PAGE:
Lujan Grisham criticized for past ties to health care firm
May 24--SANTA FE -- A health care consulting company that Michelle Lujan Grisham co-founded in 2008 has repeatedly landed contracts to help run a state high-risk insurance pool, which critics have described as redundant, given provisions of the 2010 federal Affordable Care Act.
Although Lujan Grisham divested herself from Delta Consulting last year, the company is still owned by her campaign treasurer -- state Rep. Deborah Armstrong, D-Albuquerque, and has emerged as a thorny issue in the Democratic primary race for governor.
During a televised debate Sunday, one of the three Democrats in the race, former media executive Jeff Apodaca, accused Lujan Grisham and Armstrong of enriching themselves off the contract.
Apodaca said Lujan Grisham and Armstrong are taking "federal and state funds, and running the high-risk pool that doesn't really need to exist anymore.
"And they're paying themselves thousands and thousands of dollars," he said. "That's money that could go to New Mexico families."
The other Democrat in the three-way primary race, state Sen. Joseph Cervantes of Las Cruces, also chimed in, telling Lujan Grisham in the debate: "You've been paid a lot of money from a state contract until you decided to run for governor."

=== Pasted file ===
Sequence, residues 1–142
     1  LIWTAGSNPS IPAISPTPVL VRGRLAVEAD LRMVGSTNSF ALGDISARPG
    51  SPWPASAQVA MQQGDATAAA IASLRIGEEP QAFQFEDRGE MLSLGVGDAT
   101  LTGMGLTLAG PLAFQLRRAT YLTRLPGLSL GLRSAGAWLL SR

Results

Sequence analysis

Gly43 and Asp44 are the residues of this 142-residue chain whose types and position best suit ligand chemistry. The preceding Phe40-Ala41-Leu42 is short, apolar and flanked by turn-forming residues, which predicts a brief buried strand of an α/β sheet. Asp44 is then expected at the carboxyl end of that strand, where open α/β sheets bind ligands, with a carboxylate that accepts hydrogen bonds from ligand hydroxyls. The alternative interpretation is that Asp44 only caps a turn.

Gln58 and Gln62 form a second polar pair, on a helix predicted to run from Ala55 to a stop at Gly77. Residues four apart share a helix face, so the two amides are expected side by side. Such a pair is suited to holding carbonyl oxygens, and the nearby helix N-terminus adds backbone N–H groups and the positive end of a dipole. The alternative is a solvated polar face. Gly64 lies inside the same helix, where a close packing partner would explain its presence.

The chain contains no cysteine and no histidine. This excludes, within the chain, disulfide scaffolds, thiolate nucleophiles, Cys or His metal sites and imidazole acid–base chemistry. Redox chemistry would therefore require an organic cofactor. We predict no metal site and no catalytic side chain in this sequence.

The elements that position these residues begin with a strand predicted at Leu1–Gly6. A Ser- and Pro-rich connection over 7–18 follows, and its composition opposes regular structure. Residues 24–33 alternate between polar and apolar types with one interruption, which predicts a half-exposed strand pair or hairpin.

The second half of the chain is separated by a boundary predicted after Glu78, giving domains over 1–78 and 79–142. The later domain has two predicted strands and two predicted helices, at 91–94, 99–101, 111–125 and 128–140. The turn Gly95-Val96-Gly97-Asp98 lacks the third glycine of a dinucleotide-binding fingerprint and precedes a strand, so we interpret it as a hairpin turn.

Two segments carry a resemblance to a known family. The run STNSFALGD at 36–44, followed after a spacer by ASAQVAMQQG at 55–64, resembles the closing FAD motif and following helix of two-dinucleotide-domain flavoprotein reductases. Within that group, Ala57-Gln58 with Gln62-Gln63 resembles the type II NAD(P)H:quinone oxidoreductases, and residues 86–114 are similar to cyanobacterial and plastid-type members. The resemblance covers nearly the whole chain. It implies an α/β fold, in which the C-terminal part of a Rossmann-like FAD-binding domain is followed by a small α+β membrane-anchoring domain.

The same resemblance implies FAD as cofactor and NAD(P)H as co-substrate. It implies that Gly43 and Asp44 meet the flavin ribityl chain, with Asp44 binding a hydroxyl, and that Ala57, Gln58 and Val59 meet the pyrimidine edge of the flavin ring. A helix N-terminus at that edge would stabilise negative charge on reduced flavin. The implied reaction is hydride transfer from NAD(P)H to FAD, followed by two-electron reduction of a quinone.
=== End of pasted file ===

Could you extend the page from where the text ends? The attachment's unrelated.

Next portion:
State Insurance Superintendent John Franchini, chairman of the medical insurance pool's board, said Thursday that Delta has won competitive bids in recent years to handle much of the administrative work associated with the high-risk insurance pool.
The current yearly contract is for roughly $600,000 and lasts through 2018, he said. It's paid by a mix of insurance company fees and patient premiums, not state dollars, Franchini added.
"What I've tried to do with the situation is to make it fair, transparent and open," he told the Journal.
He also said Lujan Grisham and Armstrong have been aboveboard in their handling of the contract, saying, "They haven't stolen anything, and they've done a good job."
During the debate, Lujan Grisham responded to the attacks by describing the claims as "ludicrous," and said there was a misunderstanding about both Delta Consulting and the high-risk insurance pool's function.
"Delta is a patient advocacy company," she said. "It's the same work I've dedicated my entire life to."
The high-risk insurance pool assists New Mexico residents who do not have insurance or have been quoted at higher rates than the pool's rate. Its enrollment has dropped significantly since enactment of the Affordable Care Act.
New Mexico's Governmental Conduct Act allows elected officials and legislators to contract with state government, but only if the contract is issued after a competitive bidding process and if the elected officials publicly disclose their interest.
Those conditions appear to have been met, at least in recent years, by both Lujan Grisham and Armstrong.
Lujan Grisham's campaign manager Dominic Gabello said Lujan Grisham received no salary from Delta after being elected to Congress, though she did cite an annual income of between $15,000 and $50,000 from Delta Consulting on congressional financial disclosure forms in past years.
That income represents distributions from the company that were largely used to pay the firm's tax bills, Gabello said.